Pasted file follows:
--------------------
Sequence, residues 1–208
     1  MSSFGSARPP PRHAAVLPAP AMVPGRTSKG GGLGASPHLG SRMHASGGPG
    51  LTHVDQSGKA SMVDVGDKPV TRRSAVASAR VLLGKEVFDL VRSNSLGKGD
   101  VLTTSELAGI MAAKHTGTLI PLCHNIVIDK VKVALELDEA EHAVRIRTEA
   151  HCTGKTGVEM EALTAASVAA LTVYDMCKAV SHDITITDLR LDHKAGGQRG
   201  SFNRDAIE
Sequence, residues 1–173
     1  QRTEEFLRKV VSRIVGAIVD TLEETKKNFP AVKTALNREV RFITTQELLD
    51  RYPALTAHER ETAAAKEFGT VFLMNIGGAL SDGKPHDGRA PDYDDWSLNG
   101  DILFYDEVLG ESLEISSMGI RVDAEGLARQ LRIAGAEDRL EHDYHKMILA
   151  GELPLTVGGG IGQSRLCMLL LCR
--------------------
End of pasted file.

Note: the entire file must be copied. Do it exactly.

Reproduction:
Sequence, residues 1–208
     1  MSSFGSARPP PRHAAVLPAP AMVPGRTSKG GGLGASPHLG SRMHASGGPG
    51  LTHVDQSGKA SMVDVGDKPV TRRSAVASAR VLLGKEVFDL VRSNSLGKGD
   101  VLTTSELAGI MAAKHTGTLI PLCHNIVIDK VKVALELDEA EHAVRIRTEA
   151  HCTGKTGVEM EALTAASVAA LTVYDMCKAV SHDITITDLR LDHKAGGQRG
   201  SFNRDAIE
Sequence, residues 1–173
     1  QRTEEFLRKV VSRIVGAIVD TLEETKKNFP AVKTALNREV RFITTQELLD
    51  RYPALTAHER ETAAAKEFGT VFLMNIGGAL SDGKPHDGRA PDYDDWSLNG
   101  DILFYDEVLG ESLEISSMGI RVDAEGLARQ LRIAGAEDRL EHDYHKMILA
   151  GELPLTVGGG IGQSRLCMLL LCR